Pharmacists are disappointed that a real-time recording system won’t be introduced with codeine upschedule, says PSA
The TGA announced products containing codeine will not be able to be sold over the counter in pharmacies, making these products available by prescription-only from February 1, 2018.
PSA National President Joe Demarte says the TGA scheduling decision is a missed opportunity to ensure Quality Use of Medicines in the context of minimising unintended harm for consumers seeking treatment for pain and managing addiction issues.
“While we are concerned with the harm and deaths arising from inappropriate use of codeine-containing medicines, PSA does not believe the decision to make OTC codeine medicines prescription-only on its own provides for a holistic consumer-focussed solution,” Demarte says.
“The majority of documented opioid-related harm comes from prescribed medicines so simply requiring a prescription for OTC codeine products will not solve these complex issues for consumers.”
As a result of today’s decision, Demarte says PSA reiterated its strong support for the urgent implementation of a national real-time recording and reporting system to allow for real-time monitoring of prescribing and dispensing of specific high-risk medicines.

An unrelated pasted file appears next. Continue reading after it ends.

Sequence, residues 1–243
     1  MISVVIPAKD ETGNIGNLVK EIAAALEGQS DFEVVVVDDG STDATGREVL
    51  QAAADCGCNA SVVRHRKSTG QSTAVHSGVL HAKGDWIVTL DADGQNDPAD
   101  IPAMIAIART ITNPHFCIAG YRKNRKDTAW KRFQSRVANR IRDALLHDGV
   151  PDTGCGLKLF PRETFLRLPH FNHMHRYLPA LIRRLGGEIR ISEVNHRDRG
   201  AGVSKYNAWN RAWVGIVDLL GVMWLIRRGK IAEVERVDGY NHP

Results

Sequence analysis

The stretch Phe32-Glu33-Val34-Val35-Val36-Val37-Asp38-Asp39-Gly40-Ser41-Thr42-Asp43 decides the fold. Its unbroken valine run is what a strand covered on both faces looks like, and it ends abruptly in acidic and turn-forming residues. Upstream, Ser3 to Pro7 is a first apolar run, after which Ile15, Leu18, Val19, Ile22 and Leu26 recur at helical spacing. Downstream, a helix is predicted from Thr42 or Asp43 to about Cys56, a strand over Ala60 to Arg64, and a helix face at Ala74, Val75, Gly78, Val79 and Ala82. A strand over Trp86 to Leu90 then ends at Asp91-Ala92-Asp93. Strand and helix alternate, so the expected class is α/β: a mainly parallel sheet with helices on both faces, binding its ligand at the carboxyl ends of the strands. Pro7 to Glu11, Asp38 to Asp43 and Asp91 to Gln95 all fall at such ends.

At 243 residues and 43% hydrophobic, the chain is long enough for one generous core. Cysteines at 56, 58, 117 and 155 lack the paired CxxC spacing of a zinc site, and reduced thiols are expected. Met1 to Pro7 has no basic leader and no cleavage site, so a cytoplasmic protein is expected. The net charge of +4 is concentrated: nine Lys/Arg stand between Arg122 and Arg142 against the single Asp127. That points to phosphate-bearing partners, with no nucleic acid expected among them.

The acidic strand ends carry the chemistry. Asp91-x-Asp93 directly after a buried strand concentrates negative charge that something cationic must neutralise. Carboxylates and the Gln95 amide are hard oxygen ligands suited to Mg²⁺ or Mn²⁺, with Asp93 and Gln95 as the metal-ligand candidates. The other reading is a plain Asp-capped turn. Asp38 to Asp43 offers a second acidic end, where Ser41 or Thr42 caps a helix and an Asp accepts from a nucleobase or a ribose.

“We believe this is an urgent priority issue that requires collaboration and coordination across all jurisdictions – something that PSA has been strongly advocating for in recent years.
“The decision also appears to ignore coronial reports that have repeatedly called for real-time monitoring of the prescribing and dispensing of drugs of dependence as a key part of the response to this issue.”
Following the decision, Demarte highlighted that pharmacists will be at the forefront of dealing with consumers in the lead-up to this change.
“As the most accessible health professionals in Australia, pharmacists will be working with consumers to identify other pain management options and discussing transition issues with local prescribers,” Demarte says.
PSA urged the Federal Government to work with it to deliver an effective policy implementation plan for pharmacists and consumers. This plan needs to include strategies to facilitate pharmacists’ discussion of therapy options with consumers, Demarte says.
“We hope the TGA can work closely with PSA and our members on how pharmacists can be supported to provide information and guidance to consumers affected by this decision,” Demarte says.